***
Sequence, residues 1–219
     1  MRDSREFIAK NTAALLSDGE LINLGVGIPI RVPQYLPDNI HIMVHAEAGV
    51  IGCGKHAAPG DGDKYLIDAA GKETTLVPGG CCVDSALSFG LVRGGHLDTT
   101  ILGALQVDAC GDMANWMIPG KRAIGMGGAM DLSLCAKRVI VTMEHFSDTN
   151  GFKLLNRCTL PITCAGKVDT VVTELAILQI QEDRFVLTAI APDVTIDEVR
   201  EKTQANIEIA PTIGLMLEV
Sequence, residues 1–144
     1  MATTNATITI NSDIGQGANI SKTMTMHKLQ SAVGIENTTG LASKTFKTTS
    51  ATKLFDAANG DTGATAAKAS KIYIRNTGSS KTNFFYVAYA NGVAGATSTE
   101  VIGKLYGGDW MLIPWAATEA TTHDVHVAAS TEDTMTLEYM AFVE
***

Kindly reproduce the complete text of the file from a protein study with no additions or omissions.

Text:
Sequence, residues 1–219
     1  MRDSREFIAK NTAALLSDGE LINLGVGIPI RVPQYLPDNI HIMVHAEAGV
    51  IGCGKHAAPG DGDKYLIDAA GKETTLVPGG CCVDSALSFG LVRGGHLDTT
   101  ILGALQVDAC GDMANWMIPG KRAIGMGGAM DLSLCAKRVI VTMEHFSDTN
   151  GFKLLNRCTL PITCAGKVDT VVTELAILQI QEDRFVLTAI APDVTIDEVR
   201  EKTQANIEIA PTIGLMLEV
Sequence, residues 1–144
     1  MATTNATITI NSDIGQGANI SKTMTMHKLQ SAVGIENTTG LASKTFKTTS
    51  ATKLFDAANG DTGATAAKAS KIYIRNTGSS KTNFFYVAYA NGVAGATSTE
   101  VIGKLYGGDW MLIPWAATEA TTHDVHVAAS TEDTMTLEYM AFVE